We finished our drinks, and soon our server reappeared to take our orders and ask if we’d like a complimentary bread basket. While waiting for him to return, we had a little time to look out on the museum’s stunning sculpture garden and wander over to the restaurant’s entrance to examine the wall-size tapestry of vivid stylized trees, designed by noted local artist Trenton Doyle Hancock. By that time, our bread had arrived, and—to get a quibble out of the way quickly—the gluten-free trio of half-risen Parker House rolls, overbaked Parmesan bread sticks, and dense seed-and-grain baguette slices was just plain sad. (The excellent accompanying Spanish olive oil helped a little.) Our disappointment lasted only a few minutes, though, because the next thing to appear was a vibrant crudo of King Kampachi (amberjack), its golden pineapple-and-passion-fruit marinade as pretty as sunrise on a plate. Interspersed among the slices of impeccable pink fish were slices of Fresno chiles and dabs of avocado mousse.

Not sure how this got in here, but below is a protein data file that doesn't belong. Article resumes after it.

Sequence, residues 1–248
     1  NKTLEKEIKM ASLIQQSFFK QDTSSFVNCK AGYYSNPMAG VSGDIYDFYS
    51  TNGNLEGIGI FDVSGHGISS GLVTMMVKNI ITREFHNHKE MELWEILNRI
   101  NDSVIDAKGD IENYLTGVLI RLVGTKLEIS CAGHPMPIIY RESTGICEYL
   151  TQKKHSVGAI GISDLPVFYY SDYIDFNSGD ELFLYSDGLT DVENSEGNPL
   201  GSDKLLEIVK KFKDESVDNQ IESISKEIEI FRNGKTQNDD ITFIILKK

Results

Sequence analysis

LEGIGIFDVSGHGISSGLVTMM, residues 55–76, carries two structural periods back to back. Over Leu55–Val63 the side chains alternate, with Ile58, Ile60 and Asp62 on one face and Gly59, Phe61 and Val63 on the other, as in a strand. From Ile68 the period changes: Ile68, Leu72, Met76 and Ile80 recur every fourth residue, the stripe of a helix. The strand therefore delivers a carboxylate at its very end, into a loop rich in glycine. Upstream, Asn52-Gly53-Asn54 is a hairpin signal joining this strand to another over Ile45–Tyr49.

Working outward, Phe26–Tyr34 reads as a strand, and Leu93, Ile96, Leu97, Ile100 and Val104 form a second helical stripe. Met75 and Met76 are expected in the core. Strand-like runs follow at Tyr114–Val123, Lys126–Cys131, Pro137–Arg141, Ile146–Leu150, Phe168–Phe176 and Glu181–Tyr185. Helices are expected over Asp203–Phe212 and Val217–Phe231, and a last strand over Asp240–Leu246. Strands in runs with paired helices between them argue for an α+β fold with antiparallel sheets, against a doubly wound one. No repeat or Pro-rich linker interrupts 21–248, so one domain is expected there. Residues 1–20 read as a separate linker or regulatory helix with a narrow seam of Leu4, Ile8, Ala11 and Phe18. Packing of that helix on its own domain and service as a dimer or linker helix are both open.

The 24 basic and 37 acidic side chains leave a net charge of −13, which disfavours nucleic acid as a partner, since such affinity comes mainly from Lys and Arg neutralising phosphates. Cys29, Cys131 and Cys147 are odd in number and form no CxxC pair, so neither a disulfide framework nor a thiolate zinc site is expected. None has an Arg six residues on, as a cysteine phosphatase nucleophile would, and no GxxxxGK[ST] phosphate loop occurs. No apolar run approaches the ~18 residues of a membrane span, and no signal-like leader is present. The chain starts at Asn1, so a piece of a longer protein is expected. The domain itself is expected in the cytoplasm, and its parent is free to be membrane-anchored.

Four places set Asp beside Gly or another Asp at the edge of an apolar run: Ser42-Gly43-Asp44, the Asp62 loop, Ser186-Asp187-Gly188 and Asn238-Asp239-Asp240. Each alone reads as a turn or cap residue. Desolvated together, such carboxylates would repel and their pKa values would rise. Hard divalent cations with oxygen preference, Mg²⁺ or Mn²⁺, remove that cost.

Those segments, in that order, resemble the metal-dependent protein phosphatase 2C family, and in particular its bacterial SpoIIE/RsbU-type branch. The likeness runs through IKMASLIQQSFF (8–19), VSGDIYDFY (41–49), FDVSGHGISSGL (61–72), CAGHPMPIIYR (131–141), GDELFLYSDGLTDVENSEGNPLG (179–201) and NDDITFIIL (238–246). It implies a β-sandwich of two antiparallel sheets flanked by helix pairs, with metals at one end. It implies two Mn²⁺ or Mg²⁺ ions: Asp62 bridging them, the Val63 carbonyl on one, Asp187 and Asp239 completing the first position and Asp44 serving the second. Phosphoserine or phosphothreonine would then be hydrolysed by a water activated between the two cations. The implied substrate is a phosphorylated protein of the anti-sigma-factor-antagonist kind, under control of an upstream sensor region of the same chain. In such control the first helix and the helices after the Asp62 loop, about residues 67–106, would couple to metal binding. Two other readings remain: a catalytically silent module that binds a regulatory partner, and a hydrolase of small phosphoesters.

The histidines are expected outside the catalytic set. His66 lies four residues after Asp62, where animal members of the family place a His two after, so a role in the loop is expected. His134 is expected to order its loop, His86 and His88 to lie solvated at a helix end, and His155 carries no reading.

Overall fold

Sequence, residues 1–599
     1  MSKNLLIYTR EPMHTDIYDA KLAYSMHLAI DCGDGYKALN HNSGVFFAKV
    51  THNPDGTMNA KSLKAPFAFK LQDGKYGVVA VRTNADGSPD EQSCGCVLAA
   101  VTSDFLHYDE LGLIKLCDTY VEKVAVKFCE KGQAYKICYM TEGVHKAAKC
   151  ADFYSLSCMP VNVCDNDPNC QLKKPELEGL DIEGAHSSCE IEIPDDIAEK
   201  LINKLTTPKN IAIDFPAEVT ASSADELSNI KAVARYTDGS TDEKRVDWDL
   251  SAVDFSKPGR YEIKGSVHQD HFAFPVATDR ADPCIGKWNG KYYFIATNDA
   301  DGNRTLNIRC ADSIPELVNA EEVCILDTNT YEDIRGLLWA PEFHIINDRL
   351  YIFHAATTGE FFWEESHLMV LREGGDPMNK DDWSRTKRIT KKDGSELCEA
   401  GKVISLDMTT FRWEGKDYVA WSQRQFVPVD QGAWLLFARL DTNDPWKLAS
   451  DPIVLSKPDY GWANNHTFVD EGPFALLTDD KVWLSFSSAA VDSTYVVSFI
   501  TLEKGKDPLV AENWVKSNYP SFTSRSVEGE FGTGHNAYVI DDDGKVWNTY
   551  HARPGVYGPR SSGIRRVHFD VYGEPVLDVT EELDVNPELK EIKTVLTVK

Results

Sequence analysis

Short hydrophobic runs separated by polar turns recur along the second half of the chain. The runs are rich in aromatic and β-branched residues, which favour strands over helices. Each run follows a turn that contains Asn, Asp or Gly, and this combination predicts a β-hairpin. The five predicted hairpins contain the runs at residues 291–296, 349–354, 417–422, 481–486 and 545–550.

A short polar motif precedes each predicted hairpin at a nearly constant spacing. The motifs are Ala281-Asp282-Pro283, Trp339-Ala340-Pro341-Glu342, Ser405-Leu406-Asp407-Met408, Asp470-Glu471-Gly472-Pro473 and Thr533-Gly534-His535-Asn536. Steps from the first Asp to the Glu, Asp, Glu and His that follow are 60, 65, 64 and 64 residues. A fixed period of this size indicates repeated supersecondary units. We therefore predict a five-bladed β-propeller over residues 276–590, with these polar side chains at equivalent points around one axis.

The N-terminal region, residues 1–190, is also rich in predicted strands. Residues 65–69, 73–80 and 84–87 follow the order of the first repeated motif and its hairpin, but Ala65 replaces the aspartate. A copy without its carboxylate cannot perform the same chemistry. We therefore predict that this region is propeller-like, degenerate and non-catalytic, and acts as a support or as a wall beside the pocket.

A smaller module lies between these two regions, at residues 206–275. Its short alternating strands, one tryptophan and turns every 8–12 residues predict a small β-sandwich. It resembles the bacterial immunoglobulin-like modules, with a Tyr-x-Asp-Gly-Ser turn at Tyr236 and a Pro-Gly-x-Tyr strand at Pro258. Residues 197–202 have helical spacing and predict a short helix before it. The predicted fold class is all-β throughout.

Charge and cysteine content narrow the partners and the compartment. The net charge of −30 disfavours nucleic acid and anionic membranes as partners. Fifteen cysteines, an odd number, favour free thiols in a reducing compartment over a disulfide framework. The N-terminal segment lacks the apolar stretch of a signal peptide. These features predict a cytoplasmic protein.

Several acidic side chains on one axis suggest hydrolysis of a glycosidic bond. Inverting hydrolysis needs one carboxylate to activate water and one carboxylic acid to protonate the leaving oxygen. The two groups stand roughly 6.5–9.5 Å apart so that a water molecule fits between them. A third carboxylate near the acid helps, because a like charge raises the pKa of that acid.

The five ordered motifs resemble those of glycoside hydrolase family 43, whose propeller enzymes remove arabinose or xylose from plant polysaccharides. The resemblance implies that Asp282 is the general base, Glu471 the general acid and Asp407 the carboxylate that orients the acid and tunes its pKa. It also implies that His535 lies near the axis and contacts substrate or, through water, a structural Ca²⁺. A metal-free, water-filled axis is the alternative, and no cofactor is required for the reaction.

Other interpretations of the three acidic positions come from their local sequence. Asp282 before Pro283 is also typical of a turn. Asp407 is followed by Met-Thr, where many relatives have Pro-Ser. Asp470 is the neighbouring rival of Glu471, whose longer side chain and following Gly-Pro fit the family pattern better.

If you have a large enough group of friends in tow, you can try much of Le Jardinier’s concise menu in a single visit. As it happened, I had eaten at the restaurant with a friend the night before and had already sampled several dishes, including a pristine arrangement of baby red romaine and Little Gem lettuces along with sweet slices of marinated plum over a bright yogurt dressing bolstered with mint oil and cucumber juice. So I was ready for one of the more substantial small plates: snowy pillows of burrata topped with halves of Black Mission fig. Sidled up to the fruit were round red cherry tomatoes and languid curls of heirloom melon; toasty, lemon-tinged chopped Marcona almonds lent a nice finishing crunch.
The night before, I had also shared bites of my friend’s Spanish octopus, superbly cooked and accompanied by various vegetables—marinated artichoke hearts; petite, round smoked potatoes; crisp haricots verts—all sitting on a generous layer of nutty, coral-hued romesco sauce. Something terrestrial seemed like a great change of pace, especially when I saw bavette steak on the menu. I like this somewhat uncommon French cut—American butchers call it a flap steak—because it’s normally tender, even loose textured. When the waiter set the plate down, the meat looked great, with a rosy, medium-rare interior and an alluring swipe of herb-infused veal jus on the surface. But while a few lucky bites were excellent, the majority were tougher than backyard fajitas. On the other hand, a brilliant accompaniment of dusky Asian eggplant mousse, decadently swirled with sherry and emulsified bone marrow, helped assuage my gripes.